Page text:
Why implicit TextBlock style takes over everything

If you redefine implicit TextBlock style in application resources, things don't look good. Resulting style takes over all TextBlocks in the application. People complained about it many times, e.g. on StackOverflow, on StackOverflow again, on MSDN forums, and on Terelic forums.

Suppose we have a button with blue italic text:

<Button Width="200" Foreground="Blue" FontStyle="Italic">Blue Italic Button</Button>

We then go ahead and define an implicit TextBlock style in our application ressources:

    <!-- Don't do this! -->
    <Style TargetType="{x:Type TextBlock}">
        <Setter Property="Foreground" Value="Red" />
        <Setter Property="FontSize" Value="14" />
        <Setter Property="FontFamily" Value="Courier New" />
        <Setter Property="FontStyle" Value="Normal" />

App.xaml MainWindow.xaml Full code

Unexpectedly, this style takes over the button: .

The button text is no longer blue, nor it is italic. Button's Foreground and FontStyle properties are ignored. Why is that so?

Firstly, it is important to realize that in our case the button content is of type String. String is not a visual element and cannot be displayed directly. If the string does not contain underscores, ContentPresenter situated inside the button creates a TextBlock to show the string. If the string does contain underscores, it will be represented by an AcessText element instead.

This implicitly created TextBlock is defined simply as

<TextBlock Text="Blue Italic Button" />

The TextBlock does not have any other properties of its own, so its Foreground, FontFamily and other properties must be defined from the environment. Values for WPF dependency properties may come from a variety of sources. These sources are arranged by priority, as outlined in MSDN article "Dependency property value precendence". Here's the list of sources, in order of precedence:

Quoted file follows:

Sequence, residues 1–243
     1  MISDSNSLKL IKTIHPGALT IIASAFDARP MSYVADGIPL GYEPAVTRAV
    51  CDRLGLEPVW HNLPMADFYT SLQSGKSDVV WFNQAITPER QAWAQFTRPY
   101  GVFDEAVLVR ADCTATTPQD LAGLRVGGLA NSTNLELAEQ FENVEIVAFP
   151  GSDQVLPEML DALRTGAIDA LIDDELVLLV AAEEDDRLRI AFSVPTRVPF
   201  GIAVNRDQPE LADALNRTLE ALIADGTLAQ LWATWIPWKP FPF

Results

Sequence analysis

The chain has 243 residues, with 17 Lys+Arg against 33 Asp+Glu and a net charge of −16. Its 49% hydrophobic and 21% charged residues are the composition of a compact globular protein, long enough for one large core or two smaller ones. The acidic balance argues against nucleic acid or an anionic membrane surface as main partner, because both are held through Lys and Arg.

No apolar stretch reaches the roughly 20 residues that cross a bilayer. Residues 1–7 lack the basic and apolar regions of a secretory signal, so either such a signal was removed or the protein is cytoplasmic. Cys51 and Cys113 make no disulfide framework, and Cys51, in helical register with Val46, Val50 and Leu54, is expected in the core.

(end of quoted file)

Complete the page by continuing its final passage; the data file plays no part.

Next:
1. Property system coercion.
  2. Active animations or animations with a Hold behavior.
  3. Local value.
  4. TemplatedParent template properties.
  5. Implicit Style (applies to Style property only).
  6. Style triggers.
  7. Tempalte triggers.
  8. Style setters.
  9. Default (theme) style.
  10. Inheritance.
  11. Default value from property metadata.

When implicit style for TextBlock is not present, its color and other properties are inherited from the parent cotrol, i.e. the Button. "Inheritance" is number 10 on the precedence list. Here's how this looks in Snoop:

When the implicit style is present, the picture changes dramatically. First, the Style property of the TextBlock is set to the implicit style (#5 on the list), because automatically generated TextBlock does not have a style of its own. Then, property setters from that style (#8) will take precendence over the values inherited from the parent (#10). This is why the button's "blue" and "italic" properties are ignored, and the implicit style prevails. Screenshot from Snoop to prove this:

We of course can take matters back into our own hands by redefining the button Content as explicit TextBlock:

<Button Width="200">
    <TextBlock  Foreground="Blue" FontStyle="Italic" Text="Blue Italic Button" />

The button now looks like this:

Foreground and FontStyle now come from "local value" (#3 on the precedence list), but anything unspecified locally, such as FontFamily comes from the style (#8).

This is definitely a workaround, but not a real solution. Implicit TextBlock style will affect all buttons and other content controls in our application, and it is not practical to rewrite them all to contain explicit content definition. The best way is to leave implicit TextBlock style alone, and apply a style with desired properties to the top-level windows. The properties will then be inherited by the text blocks in a less dramatic way. See my article WPF: Changing default text style for more details.


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